On November 8, Americans will choose a winner and a loser in the presidential race.
But along the way, in an election cycle that lasted more than a year and half, some people emerged as winners in their own right, with reputations boosted and national profile raised, while others were battered by the process, losing dignity and in some cases jobs over the brutal campaign.
Here are the top 10 biggest winners and losers of the 2016 election who weren’t on the ballot for president.
As Donald Trump’s campaign manager, Kellyanne Conway must walk a thin tightrope of attempting to manage an unmanageable candidate and being the public face of a highly controversial campaign, all while trying to maintain enough distance from Trump’s more polemical proclamations that she can salvage a career for herself when this is over. Two Trump campaign managers failed before her. But with just days left before Election Day, Conway looks like she’ll emerge unscathed, with a list of future potential clients.
It’s been a rough year for the Bush family. First, former Florida Gov. Jeb Bush, who entered the Republican primary as the candidate to beat, got battered by Donald Trump’s bombast and dropped out of the race after the South Carolina primary in February. Then, television host Billy Bush, Jeb’s cousin, lost his job at the Today Show in October after a 2005 Access Hollywood tape leaked of him laughing along as Trump talked about how he likes to “grab [women] by the p—y.” And throughout the general election, former President George W. Bush and former President George H.W. Bush (Jeb’s brother and father, respectively) have been at the center of speculation that they may vote for Hillary Clinton for president, dragging them into the middle of electoral politics they usually avoid.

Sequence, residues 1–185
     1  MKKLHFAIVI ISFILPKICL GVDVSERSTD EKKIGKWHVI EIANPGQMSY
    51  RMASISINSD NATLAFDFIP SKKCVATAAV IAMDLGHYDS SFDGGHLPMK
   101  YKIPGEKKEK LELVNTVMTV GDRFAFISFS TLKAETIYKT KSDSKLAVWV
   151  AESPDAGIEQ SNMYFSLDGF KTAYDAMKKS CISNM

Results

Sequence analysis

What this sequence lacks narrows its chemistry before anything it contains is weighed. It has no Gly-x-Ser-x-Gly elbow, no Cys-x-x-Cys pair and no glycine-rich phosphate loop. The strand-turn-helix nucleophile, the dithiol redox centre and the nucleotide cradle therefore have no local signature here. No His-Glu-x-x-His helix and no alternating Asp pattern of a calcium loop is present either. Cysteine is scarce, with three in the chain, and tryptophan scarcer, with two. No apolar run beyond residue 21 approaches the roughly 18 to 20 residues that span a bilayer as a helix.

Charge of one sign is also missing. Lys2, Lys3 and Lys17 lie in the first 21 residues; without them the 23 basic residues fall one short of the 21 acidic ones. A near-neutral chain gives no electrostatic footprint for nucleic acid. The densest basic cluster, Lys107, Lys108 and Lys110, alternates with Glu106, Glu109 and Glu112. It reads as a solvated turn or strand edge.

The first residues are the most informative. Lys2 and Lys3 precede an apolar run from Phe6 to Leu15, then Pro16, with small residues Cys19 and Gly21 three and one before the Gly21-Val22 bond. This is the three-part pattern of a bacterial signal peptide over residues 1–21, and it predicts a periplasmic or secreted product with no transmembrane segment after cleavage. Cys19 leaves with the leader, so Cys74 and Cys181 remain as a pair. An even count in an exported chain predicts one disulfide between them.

A staunch member of the “Never Trump” movement from the beginning, the Republican Senator from Nebraska earned a reputation as a principled politician while his colleagues either endorsed Trump, endorsed him tepidly, said they would vote for him but not endorse him, endorsed and then retracted their endorsements, endorsed and retracted and then retracted their retractions or just tried to avoid the subject. By using social media to criticize Trump in public ways, Sasse was also able to raise his own national profile over the course of the campaign, even though he wasn’t on the ballot himself. Whatever happens on Election Day, Sasse has raised his own profile by sticking to his position.
Debbie Wasserman Schultz
The now-former chair of the Democratic National Committee resigned from her position in July amid controversy over her impartiality in the party’s primary process, after leaked emails showed her and other top officials trying to undercut Vermont Sen. Bernie Sanders’ candidacy. Wasserman Schultz was even booed ahead of the Democratic National Convention, after she had already announced her resignation. She was a high profile casualty of the email hacks that have plagued the Democrats throughout the campaign.